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Babies requiring sustained respiratory support

Respiratory support treatment in Hebbal, Bangalore

Infants born preterm tend to have deficient surfactant and immature lungs, with small surfaces and thick air-blood barriers. Therefore, preterm infants often require respiratory support at birth by providing respiratory support treatment in Hebbal, Bangalore, particularly those born before 29 weeks. The following types of respiratory support are provided to those babies,

  1. Oxygen

  2. CPAP (Continuous Positive Airway Pressure)

  3. NIPPV (Noninvasive Positive Pressure Ventilation)

  4. Mechanical Ventilation

  5. ECMO (Extracorporeal Membrane Oxygenation)

As needed, mild tactile stimulation, head positioning, and suction of the mouth and nose are used in the early stages of stabilisation.

Oxygen: It is possible to administer oxygen with a nasal cannula or a face mask. Preterm infants should have an oxygen saturation of 90 to 94%, and term infants should have an oxygen saturation of 92 to 96% for optimal oxygen concentrations. Keeping PaO2 high in infants increases the risk of prematurity retinopathy because fetal haemoglobin has a higher affinity for oxygen. To prevent bronchospasm, oxygen should always be warmed (36 to 37°C) and humidified when delivered.

Continuous Positive Airway Pressure: CPAP maintains a constant pressure, usually 5 to 7 cm H2O, throughout the respiratory cycle but does not support inspiratory pressure. The infant breathes spontaneously with CPAP to keep alveoli open and improve oxygenation. An endotracheal tube connected to a conventional ventilator with a zero rate can also give CPAP using nasal prongs or masks and various apparatuses to provide positive pressure.

Noninvasive Positive Pressure Ventilation: NIPPV uses nasal prongs or masks to deliver positive pressure ventilation. Infants' inspiratory effort can trigger synchronised or non-synchronised. NIPPV can supplement an infant's spontaneous breathing, which provides a backup rate. It is possible to set the peak pressure to the desired level. It helps prevent atelectasis in patients with apnea and facilitates extubation. There has been no effect on the development of chronic lung disease or mortality with NIPPV; however, it reduces extubation failures and re-intubations more effectively than nasal CPAP within one week.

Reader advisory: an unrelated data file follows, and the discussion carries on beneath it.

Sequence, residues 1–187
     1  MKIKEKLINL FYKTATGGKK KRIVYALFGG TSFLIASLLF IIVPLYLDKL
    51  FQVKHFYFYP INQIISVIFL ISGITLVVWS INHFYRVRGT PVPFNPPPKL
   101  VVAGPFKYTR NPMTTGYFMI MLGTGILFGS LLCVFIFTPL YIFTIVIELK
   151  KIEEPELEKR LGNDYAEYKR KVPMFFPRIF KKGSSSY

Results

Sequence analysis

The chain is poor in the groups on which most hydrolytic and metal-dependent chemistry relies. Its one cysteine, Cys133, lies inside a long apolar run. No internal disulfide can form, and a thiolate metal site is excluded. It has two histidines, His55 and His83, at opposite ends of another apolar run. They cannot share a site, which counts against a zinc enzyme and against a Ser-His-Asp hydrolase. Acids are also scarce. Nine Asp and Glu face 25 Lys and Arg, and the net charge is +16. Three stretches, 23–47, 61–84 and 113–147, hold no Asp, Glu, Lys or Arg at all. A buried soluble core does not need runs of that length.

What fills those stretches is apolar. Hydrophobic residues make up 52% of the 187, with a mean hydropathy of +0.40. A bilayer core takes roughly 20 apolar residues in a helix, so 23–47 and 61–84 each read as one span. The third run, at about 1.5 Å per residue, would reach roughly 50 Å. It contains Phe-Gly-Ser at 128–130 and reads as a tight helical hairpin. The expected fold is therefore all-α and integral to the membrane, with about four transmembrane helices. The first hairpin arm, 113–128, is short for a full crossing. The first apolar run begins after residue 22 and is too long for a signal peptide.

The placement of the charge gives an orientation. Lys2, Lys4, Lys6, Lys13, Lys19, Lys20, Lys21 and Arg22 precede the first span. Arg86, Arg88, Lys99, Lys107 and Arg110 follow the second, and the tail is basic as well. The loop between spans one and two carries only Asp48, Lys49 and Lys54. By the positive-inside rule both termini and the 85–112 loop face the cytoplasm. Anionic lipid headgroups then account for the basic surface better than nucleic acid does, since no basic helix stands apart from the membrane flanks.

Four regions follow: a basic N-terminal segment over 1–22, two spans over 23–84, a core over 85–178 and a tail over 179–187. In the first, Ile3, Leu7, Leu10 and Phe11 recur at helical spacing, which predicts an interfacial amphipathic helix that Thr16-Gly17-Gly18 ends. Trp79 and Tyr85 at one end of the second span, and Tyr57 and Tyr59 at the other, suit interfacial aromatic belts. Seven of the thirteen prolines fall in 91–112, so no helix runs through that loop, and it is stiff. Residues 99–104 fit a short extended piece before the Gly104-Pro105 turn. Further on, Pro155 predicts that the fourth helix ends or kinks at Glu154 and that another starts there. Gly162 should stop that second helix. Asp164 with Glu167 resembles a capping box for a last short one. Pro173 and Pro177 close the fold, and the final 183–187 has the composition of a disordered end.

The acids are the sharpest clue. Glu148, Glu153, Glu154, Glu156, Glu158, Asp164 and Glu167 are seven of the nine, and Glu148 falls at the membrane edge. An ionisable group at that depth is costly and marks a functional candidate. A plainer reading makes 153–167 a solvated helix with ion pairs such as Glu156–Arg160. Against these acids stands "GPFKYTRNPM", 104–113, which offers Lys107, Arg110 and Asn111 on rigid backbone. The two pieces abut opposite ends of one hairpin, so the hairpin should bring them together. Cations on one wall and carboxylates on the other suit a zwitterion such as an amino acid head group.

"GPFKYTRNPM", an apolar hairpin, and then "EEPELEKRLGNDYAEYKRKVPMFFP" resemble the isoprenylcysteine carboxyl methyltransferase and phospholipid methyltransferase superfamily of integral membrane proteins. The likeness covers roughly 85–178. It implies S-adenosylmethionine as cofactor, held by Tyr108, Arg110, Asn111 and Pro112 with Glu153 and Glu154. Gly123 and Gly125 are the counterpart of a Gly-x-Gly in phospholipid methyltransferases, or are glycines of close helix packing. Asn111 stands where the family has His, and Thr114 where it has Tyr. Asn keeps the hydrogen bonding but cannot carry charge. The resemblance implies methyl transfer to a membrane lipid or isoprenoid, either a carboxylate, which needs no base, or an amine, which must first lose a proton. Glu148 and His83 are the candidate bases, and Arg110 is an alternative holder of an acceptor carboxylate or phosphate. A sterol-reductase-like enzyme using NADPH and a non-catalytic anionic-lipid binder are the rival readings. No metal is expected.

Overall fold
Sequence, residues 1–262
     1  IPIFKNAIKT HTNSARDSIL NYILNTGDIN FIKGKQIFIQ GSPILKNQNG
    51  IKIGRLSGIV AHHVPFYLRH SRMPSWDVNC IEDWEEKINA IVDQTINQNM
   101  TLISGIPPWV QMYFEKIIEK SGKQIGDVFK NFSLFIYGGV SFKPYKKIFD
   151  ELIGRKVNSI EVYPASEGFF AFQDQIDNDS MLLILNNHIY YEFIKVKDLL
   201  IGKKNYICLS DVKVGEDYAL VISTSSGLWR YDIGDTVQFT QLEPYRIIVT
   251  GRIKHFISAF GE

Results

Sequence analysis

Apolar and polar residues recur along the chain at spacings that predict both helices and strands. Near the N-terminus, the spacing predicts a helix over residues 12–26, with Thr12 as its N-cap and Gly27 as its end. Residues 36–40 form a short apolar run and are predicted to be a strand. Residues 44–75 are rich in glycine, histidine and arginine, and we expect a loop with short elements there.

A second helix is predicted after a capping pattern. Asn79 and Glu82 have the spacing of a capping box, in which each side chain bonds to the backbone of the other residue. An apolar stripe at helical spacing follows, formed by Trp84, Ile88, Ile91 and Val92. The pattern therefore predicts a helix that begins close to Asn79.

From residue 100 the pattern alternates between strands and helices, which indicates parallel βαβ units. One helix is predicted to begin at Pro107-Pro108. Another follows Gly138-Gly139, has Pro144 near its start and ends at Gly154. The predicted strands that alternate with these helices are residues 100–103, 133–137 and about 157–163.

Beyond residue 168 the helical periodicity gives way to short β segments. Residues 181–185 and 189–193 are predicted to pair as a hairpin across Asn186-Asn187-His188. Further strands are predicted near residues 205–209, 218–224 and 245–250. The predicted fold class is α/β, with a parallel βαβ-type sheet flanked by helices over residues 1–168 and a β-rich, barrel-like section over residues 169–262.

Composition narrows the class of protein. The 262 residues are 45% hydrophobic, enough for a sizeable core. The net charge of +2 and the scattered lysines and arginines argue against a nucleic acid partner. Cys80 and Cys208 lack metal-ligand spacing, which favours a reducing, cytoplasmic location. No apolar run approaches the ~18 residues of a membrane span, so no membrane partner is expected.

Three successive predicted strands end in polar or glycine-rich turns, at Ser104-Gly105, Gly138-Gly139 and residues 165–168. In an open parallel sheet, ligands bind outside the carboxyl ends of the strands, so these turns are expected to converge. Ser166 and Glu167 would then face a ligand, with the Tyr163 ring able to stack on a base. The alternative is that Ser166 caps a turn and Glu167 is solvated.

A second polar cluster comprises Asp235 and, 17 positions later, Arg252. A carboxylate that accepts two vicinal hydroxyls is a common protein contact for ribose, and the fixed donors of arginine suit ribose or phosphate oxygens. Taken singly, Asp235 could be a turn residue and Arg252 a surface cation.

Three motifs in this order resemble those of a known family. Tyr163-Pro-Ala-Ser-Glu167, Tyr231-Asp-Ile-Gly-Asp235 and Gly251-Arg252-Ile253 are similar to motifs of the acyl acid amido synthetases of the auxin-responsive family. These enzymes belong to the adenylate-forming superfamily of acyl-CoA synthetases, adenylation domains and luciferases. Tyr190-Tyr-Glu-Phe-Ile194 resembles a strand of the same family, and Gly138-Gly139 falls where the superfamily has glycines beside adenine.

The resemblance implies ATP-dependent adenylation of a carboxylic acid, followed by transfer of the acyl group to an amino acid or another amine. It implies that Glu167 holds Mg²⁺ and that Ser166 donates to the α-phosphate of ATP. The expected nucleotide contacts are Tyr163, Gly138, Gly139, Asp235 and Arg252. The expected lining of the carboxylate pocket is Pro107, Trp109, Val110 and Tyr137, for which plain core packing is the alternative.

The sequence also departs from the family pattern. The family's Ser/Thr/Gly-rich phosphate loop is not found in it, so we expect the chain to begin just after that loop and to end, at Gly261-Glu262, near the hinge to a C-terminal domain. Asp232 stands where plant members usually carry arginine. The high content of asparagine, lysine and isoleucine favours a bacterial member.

Mechanical Ventilation

Mechanical ventilation requires endotracheal tubes (ETT).

Ventilation modes:

  • Synced intermittent mandatory ventilation (SIMV)

  • Assistance with ventilation (AC)

  • Oscillatory ventilation at high frequencies

The ventilator delivers a predetermined number of fixed-volume or fixed-pressure breaths during SIMV. These will not only synchronise with the patient's spontaneous breaths but will also give breaths with no respiratory exertion. The patient can breathe on their own without triggering the ventilator.

Each time a patient inhales, the ventilator delivers a predetermined amount or pressure of air. A backup rate is set when a patient does not take enough or has no breaths.

High-frequency oscillatory ventilation can be used in infants with a set mean airway pressure (400 to 900 breaths/minute). It is often preferred by highly premature infants (28 weeks gestation) and infants with air leaks, widespread atelectasis, or pulmonary oedema.

Extracorporeal Membrane Oxygenation

ECMO is used when conventional or oscillating ventilators cannot adequately oxygenate or ventilate babies with respiratory failure. The eligibility criteria vary by centre, but infants with reversible conditions (e.g., congenital diaphragmatic hernias, persistent pulmonary hypertension of the newborn, overwhelming pneumonia) must have been on mechanical ventilation for at least seven days. Another indication for ECMO is primary cardiac compromise.

In an artificial lung, blood is pumped through a membrane oxygenator after administering systemic anticoagulation. ECMO uses either the internal jugular vein (venovenous ECMO) or the carotid artery (veno arterial ECMO) to circulate oxygenated blood back to the heart. In overwhelming sepsis, veno-arterial ECMO is used for circulatory and ventilation support. You can adjust the flow rate to achieve the desired saturation and blood pressure.

Due to the risk of intraventricular haemorrhage associated with systemic heparinisation, ECMO is contraindicated in infants over 34 weeks or 2 kilograms. Book an appointment at Manipal Hospitals now.

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